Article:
As you might be aware (ahem), I am on a budget, so while this soup is chunky, there are a lot of other items in addition to the inexpensive-for-seafood-but-expensive-for-my-general-use clams that contribute to that chunkiness. For even at $5.99 per pound, two pounds would be a budget-buster for me. If you'd prefer more clams, you can add another pound (plus juices), but also have another 8 ounces of clam juice at the ready in case you need to thin the soup. Not surprisingly, this soup benefits from standing for a day, as many soups do, so it's a perfect candidate for making a day ahead of the planned serving day - it only gets smokier and richer tasting.
Estimated cost for the pot o' chowder: $23.10. The butter costs 35-cents for 1/2 stick. The olive oil is 24-cents. The onion is approximately 3/4 pounds, and Vidalias cost 99-cents per pound at my favorite farm stand, so that's 75-cents. The carrot cost 7-cents, the celery for the whole dish cost 40-cents. The parsley would be no more than half of a purchased supermarket package costing $1.99, but you should know that it grows well, even in northern climates, and has survived the killing frost that all but the beets, lettuce, and leeks succumbed to last week at my house. So I think of it as free, having dodged the frost bullet, and all. The crushed red pepper flakes cost 3-cents, the clams were $5.99 (you know this already, but I have to list it out here to keep everything in order). The chouriço was $3.99 per pound, and the two links we received were just over a pound, so that cost us $4.14. The corn was 2/3rds of a bag costing $1.29, so that's 86-cents. The potatoes cost 99-cents. The clam juice was fancy, and cost $2.69 for 8-ounces; we used two, so that's $5.38. The tomatoes cost $1.50 (regular price, even), and the cream cost $1.40. Even at the heftier-than-usual price tag, the soup costs a mere $2.89 per serving (for 8, and $3.85 per serving for 6, though I must remind you - this soup is chunky and therefore filling. As chowder should be.)
Dinner tonight: Please see the above Creamy Red Clam Chowder description. Plus some of that crusty bread that was mentioned. The bread costs $4.29 for 3 small loaves (they're pane francese "pillows" from Olga's in Providence, RI). Let's pretend we eat an entire pillow. That costs us $1.43, plus a bit of butter - we'll say around 18-cents' worth, and our grand total is $7.39. Pretty good for a weekend dinner, methinks. And a couple of weekend lunches. And a weekday one as well (did I mention eight servings? Just checking.)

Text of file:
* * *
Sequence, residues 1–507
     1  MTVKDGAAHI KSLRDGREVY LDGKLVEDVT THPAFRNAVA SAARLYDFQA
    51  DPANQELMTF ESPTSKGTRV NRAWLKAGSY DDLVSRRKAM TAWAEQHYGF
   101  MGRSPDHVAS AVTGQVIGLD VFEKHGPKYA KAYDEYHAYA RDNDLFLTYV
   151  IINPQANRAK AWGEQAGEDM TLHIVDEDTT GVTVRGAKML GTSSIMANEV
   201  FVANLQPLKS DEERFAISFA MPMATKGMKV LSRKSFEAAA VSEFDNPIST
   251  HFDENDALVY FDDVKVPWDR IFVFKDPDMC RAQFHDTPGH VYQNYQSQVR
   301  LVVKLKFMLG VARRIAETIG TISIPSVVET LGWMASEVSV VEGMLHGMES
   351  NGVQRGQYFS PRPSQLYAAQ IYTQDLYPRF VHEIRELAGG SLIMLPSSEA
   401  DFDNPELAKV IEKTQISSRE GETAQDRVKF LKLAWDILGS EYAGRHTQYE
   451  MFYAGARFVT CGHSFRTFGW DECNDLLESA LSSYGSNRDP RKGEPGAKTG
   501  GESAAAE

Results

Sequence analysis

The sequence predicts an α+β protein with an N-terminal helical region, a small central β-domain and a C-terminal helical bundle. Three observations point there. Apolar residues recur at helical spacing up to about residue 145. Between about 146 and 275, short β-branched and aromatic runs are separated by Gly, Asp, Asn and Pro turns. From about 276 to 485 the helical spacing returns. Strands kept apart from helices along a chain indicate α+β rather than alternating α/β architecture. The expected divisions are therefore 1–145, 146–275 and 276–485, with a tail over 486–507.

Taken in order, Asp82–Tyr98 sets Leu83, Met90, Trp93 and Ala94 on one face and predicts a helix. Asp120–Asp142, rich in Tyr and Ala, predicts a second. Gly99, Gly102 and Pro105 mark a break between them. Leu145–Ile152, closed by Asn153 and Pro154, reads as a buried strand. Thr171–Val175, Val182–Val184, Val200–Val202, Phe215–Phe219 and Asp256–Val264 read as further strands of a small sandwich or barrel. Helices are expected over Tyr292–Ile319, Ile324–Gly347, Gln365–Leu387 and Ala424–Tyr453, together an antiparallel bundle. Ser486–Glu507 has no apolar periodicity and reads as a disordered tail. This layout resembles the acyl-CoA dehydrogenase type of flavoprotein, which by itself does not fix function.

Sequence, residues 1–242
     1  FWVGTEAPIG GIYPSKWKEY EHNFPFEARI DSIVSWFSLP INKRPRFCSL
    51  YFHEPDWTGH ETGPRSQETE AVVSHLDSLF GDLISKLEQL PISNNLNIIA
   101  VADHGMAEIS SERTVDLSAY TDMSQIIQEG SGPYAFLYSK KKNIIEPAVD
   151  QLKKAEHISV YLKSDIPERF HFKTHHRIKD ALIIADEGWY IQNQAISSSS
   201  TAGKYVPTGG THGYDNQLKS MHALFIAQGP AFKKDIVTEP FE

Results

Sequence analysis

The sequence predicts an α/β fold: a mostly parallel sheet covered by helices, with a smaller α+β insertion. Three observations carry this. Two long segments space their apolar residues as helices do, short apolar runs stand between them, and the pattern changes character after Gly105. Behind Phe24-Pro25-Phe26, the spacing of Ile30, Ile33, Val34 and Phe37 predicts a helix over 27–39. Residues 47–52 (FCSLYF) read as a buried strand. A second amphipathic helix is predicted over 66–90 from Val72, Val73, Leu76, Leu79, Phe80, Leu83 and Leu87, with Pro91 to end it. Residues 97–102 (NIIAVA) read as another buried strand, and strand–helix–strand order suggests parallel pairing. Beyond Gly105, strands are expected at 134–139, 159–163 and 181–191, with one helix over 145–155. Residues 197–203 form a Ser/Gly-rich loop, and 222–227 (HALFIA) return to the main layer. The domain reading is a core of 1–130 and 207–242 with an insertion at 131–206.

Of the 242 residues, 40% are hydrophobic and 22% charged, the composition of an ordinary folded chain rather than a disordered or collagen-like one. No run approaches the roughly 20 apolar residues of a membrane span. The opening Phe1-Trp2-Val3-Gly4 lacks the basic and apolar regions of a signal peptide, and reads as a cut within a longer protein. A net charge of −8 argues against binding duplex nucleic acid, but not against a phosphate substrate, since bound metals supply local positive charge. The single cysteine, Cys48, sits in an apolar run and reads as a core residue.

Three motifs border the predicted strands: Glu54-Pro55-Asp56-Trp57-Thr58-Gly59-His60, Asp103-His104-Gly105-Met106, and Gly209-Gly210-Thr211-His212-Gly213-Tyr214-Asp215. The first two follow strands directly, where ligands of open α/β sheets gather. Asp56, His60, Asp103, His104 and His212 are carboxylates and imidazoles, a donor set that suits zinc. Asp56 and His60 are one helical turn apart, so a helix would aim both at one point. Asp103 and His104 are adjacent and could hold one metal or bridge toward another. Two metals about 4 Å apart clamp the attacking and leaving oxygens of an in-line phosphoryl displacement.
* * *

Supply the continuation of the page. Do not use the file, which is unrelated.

For more information on sustainable seafood choices, visit Monterey Bay Aquarium's website, where you can type in the name of the seafood in question and learn whether it is a good option, and also what better options exist.
Thursday, October 22, 2009
The area around Asti - in the Piedmont region of Italy - is most famous for its sparkling and semi-sparkling wines, notably Asti, which until 1994 was known as Asti Spumante (immortalized with the rhyme "pop off the top, and rock with my posse" for you denizens of late-1980s Hip Hop), a sparkling white which is served as an easy-going and inexpensive celebratory wine.
Nearly eighty percent of all Asti produced is exported, primarily to the German and American markets (where I certainly hope that retro dance clubs have it on the menu, and Candyman on the turntable. That's right - turntable.). Asti's more sophisticated cousin, Moscato d'Asti is slightly sparkling, as opposed to the fully bubbly Asti, and is generally produced by smaller vineyards with an eye toward quality. For this reason, Moscato d'Asti is pricier than Asti, though in many cases, it is still a good value at $15 to $20 for 350ml.
In addition to Moscato d'Asti, Piedmont produces four other aromatic, sweet wines; three reds (the sparkling Brachetto d'Acqui, and the two semi-sparkling: Malvasia Rossa di Casorzo, and Malvasia di Castelnuovo Don Bosco), as well as one additional white, Loazzolo, which is also produced from Moscato grapes, but is a still wine.
Starting around 1985, another quality wine began to emerge from Asti's hills: Barbera d'Asti, an early-ripening (as compared with Nebbiolo), yet well-structured red that, when yields are kept small, provided an alternative to the more famous Nebbiolo-based wines of Piedmont (Barolo and Barbaresco). Though Barbera had been widely planted in Piedmont (since at least 1799), as well as southern Italy, Argentina, Australia, and California, it had been used primarily for blending until 1985 when Giacomo Bologna began producing distinctive wine solely of Barbera at his Braida estate.